We decided to first take in the heat before anything and made our way to one of the Liquidrom’s signature offerings, the Himalayan Salt Sauna. While I’ve yet to make it to the ‘Roof of the World’ and my experience with salt has been limited to shaker size quantities, after a few minutes laid out upon the sauna’s wooden seating I found myself transported to a realm of relaxation and sodium scented indolence.

A few minutes later an invigorating dip in the ice bath steeled me for the next round. In this way, we methodically sweated our through the Kelo Panorama Sauna, the Finnish Sauna and the steam bath, taking breaks between to cool down and rehydrate.

At last we agreed that we were ready for the crowning experience of the evening, the Liquidrom’s famous saltwater pool. Forty-three feet across and covered with a gently curving concrete dome the watery chamber is illuminated by an ever changing spectrum of colors.

Its high salt content causes the pool to be extra buoyant and the sensation of weightlessness is enhanced by underwater speakers, controlled by a sound booth which looks out across the waters. Electronic DJs, jazz  guitarists and classical musicians from around Europe perform here several days each week, creating an auditory environment which transforms the pool into a damp dreamscape. My partner and I took turns gently guiding each other across the pool, floating along on the underwater electronic melodies like pale swimsuited psychonauts.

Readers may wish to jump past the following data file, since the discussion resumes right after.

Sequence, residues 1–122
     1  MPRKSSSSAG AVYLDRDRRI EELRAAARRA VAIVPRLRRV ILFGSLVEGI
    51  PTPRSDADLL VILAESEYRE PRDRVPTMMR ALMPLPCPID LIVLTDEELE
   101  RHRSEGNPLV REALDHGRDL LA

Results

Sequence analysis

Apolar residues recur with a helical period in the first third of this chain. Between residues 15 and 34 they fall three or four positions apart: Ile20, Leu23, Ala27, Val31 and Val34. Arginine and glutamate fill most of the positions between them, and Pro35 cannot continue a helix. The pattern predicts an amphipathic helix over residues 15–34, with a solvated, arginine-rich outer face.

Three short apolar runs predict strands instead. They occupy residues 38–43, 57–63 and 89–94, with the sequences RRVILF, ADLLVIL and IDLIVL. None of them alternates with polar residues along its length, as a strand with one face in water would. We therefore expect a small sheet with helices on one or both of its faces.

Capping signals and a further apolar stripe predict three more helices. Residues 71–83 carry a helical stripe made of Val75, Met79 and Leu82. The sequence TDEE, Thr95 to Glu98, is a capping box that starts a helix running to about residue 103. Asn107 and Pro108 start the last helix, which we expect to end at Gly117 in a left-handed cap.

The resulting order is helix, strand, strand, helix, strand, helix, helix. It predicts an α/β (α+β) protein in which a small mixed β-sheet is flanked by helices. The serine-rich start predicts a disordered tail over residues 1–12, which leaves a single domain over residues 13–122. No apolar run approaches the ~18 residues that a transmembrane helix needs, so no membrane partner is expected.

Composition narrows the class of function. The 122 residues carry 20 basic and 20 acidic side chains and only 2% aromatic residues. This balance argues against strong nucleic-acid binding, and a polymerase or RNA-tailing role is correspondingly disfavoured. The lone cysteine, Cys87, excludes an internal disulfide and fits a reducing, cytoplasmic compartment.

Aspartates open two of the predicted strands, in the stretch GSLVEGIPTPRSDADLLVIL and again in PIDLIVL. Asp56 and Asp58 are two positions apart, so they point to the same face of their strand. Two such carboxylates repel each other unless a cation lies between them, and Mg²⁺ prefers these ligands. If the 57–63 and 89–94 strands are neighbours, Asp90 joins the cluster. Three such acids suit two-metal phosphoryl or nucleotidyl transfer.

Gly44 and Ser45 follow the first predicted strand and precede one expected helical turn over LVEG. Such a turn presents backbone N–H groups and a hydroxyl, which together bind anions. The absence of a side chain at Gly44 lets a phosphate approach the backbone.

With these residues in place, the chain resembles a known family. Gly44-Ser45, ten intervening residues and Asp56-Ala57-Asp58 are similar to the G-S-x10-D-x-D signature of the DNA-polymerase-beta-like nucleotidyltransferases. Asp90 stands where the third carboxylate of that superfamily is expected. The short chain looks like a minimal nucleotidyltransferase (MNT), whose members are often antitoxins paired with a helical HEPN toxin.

Eventually our space ship drifted down to Earth and we made our way back outside, falling into our lounge chairs to contentedly doze off for a few minutes before a last visit to the Himalayan Salt Sauna. While two hours may seem like a long time to just sit and steam, as Berliners well know, time flies when you are doing nothing at all. A shower, then back into our street clothes and we were back on the bicycles for the journey home to a well earned nap.

If you haven’t visited the Liquidrom yet, do yourself a favor and take the plunge. While the price is somewhat higher than other saunas in Berlin, the striking architecture and incomparable saltwater pool will leave you languorous, damp and dreamy.

For more information,visit the Liquidrom’s website.

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Comments

  1. Paul Sullivan says:

    I went here today and although I enjoyed it, I have to say the “relaxation” area is surprisingly cramped and very unrelaxing. Seems a shame when everything else is so well thought out. The food is also odd, probably since its based on anything microwavable. I mean who the hell wants to eat Baked Potatoes for lunch in a sauna/spa!?? A quieter chill out room and a decent sushi bar and this place would be 10/10.